Members · Prefs · Laboratory · Collections · Openings · Endgames · Sacrifices · History · Search Kibitzing · Kibitzer's Café · Chessforums · Tournament Index · Players · Kibitzing
Levon Aronian vs Loek van Wely
Corus Group A (2009), Wijk aan Zee NED, rd 8, Jan-25
Slav Defense: Quiet Variation (D11)  ·  1/2-1/2



Get this game explained with Decode Chess
explore this opening
find similar games 16 more Aronian/Van Wely games
PGN: download | view | print Help: general | java-troubleshooting

TIP: To flip the board (so black is on the bottom) press the "I" key on your keyboard.

PGN Viewer:  What is this?
For help with this chess viewer, please see the Olga Chess Viewer Quickstart Guide.

Kibitzer's Corner
Jan-25-09  benjinathan: Good position for an endgame study.
Jan-25-09  benjinathan: I guess it is a draw; trade the rook for the last pawn.
Jan-25-09  Marmot PFL: After Ra1 Kg5 Rg1+ nothing for either side to do
Premium Chessgames Member That's it for today. Thanks to everybody for participating. Remember, Monday is a rest day. Games will continue with round #9 on Tuesday at the same time (7:30am USA/Eastern). Hope to see you then.

Jan-25-09  Bondsamir: Dear CGs community,thank you very much for the great and wonderful efforts to take us live to the event.I'm so grateful
Premium Chessgames Member
  Stonehenge: According to Loek he should have played 18...Na6.
Jan-25-09  Eyal: <Against Van Wely, Aronian stuck to his favorite c5 advance in the semi Slav, only to be surprised by Loek's 6...g6 (Nd7 was the expected line). The Armenian still knew his way, playing quickly, and it was the Dutchman who sank into deep thought after 11.a4. In the post mortem, Van Wely said he felt uncomfortable after 14.h4, but it was Levon who thought for nearly an hour before playing 15.h5!. Taking the material after 15...Bxh5?! would have been highly dangerous, so black had to come up with the tricky 15...Bf5 and 16...Qd5 idea. Later black had to try 21...Bxe5! dxe5 22...e6, and try to use his Ra8 on a7 to defend the seventh rank, because the way he played was nothing but trouble. Loek didn’t know what to do after 29.f4, and in the press conference said he was reduced to "gambling and coffeehouse chess". His 30...Nd4?! was "looking for cheap tactics", and luckily for him, due to time trouble, Levon did not cash in any of the several golden opportunities he had. As any analysis engine would show, Bxe7! would have won on moves 31 and 32. Even more winning would have been 36.h6!, but it was only around 39.Rxd4+? that the win was gone for good.> (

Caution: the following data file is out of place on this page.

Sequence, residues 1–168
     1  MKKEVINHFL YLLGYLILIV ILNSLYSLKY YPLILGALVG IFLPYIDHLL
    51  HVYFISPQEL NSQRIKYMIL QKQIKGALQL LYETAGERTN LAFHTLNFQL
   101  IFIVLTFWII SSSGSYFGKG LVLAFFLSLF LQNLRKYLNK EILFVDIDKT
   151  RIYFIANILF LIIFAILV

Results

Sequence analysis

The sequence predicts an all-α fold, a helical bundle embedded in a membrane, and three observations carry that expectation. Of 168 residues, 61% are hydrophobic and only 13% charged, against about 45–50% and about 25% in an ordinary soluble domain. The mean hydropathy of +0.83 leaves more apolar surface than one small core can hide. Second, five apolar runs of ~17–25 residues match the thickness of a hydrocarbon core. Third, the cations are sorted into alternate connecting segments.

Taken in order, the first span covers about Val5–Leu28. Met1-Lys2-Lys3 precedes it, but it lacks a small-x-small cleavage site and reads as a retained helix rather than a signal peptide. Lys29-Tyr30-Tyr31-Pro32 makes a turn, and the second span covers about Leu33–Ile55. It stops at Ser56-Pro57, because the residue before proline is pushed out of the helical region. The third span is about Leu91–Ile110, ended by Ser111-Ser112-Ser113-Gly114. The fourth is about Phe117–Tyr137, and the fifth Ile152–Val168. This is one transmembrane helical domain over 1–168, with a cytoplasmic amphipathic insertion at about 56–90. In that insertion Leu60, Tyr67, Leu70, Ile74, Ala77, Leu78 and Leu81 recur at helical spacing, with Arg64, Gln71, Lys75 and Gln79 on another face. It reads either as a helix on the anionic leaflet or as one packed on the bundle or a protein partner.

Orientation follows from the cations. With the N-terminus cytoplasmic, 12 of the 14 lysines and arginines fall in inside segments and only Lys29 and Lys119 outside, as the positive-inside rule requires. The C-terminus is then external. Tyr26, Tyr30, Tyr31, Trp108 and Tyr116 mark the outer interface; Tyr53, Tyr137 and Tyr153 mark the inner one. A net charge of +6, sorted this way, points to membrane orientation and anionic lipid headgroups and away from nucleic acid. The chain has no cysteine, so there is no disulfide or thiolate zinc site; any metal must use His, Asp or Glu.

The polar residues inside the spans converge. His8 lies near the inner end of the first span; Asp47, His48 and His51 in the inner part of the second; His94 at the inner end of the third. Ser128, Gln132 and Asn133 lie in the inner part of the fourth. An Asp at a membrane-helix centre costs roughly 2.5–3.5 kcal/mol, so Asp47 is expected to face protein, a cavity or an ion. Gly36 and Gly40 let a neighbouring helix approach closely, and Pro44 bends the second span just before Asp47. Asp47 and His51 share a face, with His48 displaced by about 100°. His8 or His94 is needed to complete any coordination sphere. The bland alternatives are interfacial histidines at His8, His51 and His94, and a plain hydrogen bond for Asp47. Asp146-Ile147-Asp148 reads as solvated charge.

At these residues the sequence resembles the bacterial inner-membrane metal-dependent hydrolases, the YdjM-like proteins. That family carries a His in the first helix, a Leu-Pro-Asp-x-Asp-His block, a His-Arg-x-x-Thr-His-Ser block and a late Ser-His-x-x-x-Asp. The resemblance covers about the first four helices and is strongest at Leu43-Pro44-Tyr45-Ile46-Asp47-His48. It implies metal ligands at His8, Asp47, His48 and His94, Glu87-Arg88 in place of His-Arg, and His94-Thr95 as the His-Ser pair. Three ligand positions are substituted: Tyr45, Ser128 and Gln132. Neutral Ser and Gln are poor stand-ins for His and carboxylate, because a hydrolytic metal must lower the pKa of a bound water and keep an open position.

Jan-26-09  notyetagm: 36 ?

click for larger view

(VAR) 36 c5-c6!

click for larger view

<34.h7 Rh8 35.Rh6 Kf5 36.Bxe7? Three pawns! Fortunately, the last pawn is just a loaner. <<<[36.c6! Ke4 37.Rhh3 Rc5 38.Bxe7 Rxc6 39.Bf6 is very easy.]>>>>

36 c5-c6! was the key move that Aronian missed, <DENYING> the d7-square to the Black d5-rook to prevent the maneuver ... ♖d5-d7.

Compare to the actual game continuation in which Black played 37 ... ♖d5-d7, <SKEWERING> the <UNDEFENDED> White e7-bishop and the 1-1 <LOOSE> White h7-pawn, gaining a draw.

The final position of the winning variation given above is shown below.

click for larger view

Jan-26-09  notyetagm:

<34. h7 Rh8 35. Rh6 Kf5 36. Bxe7 ? <<<(36. c6 !Rybka Aquarium (0:00.11) )>>>>

Jan-26-09  Eyal: Van Wely's press conference:

And a video of moves 35-38 where Aronian misses the win, having to play at blitz speed in time trouble: (at about 1:15-2:00)

NOTE: Create an account today to post replies and access other powerful features which are available only to registered users. Becoming a member is free, anonymous, and takes less than 1 minute! If you already have a username, then simply login login under your username now to join the discussion.

Please observe our posting guidelines:

  1. No obscene, racist, sexist, or profane language.
  2. No spamming, advertising, duplicate, or gibberish posts.
  3. No vitriolic or systematic personal attacks against other members.
  4. Nothing in violation of United States law.
  5. No cyberstalking or malicious posting of negative or private information (doxing/doxxing) of members.
  6. No trolling.
  7. The use of "sock puppet" accounts to circumvent disciplinary action taken by moderators, create a false impression of consensus or support, or stage conversations, is prohibited.

Please try to maintain a semblance of civility at all times.

Blow the Whistle

See something that violates our rules? Blow the whistle and inform a moderator.

NOTE: Please keep all discussion on-topic. This forum is for this specific game only. To discuss chess or this site in general, visit the Kibitzer's Café.

Messages posted by Chessgames members do not necessarily represent the views of, its employees, or sponsors.
All moderator actions taken are ultimately at the sole discretion of the administration.

This game is type: CLASSICAL. Please report incorrect or missing information by submitting a correction slip to help us improve the quality of our content.

Featured in the Following Game Collections[what is this?]
36 c5-c6! White d3-rook pins Black d4-knight to undef d5-rook
36 c5-c6! takes away d7-square from the Black d5-rook, winning
from Use pawns to deny squares to enemy pieces by notyetagm

Home | About | Login | Logout | F.A.Q. | Profile | Preferences | Premium Membership | Kibitzer's Café | Biographer's Bistro | New Kibitzing | Chessforums | Tournament Index | Player Directory | Notable Games | World Chess Championships | Opening Explorer | Guess the Move | Game Collections | ChessBookie Game | Chessgames Challenge | Store | Privacy Notice | Contact Us

Copyright 2001-2021, Chessgames Services LLC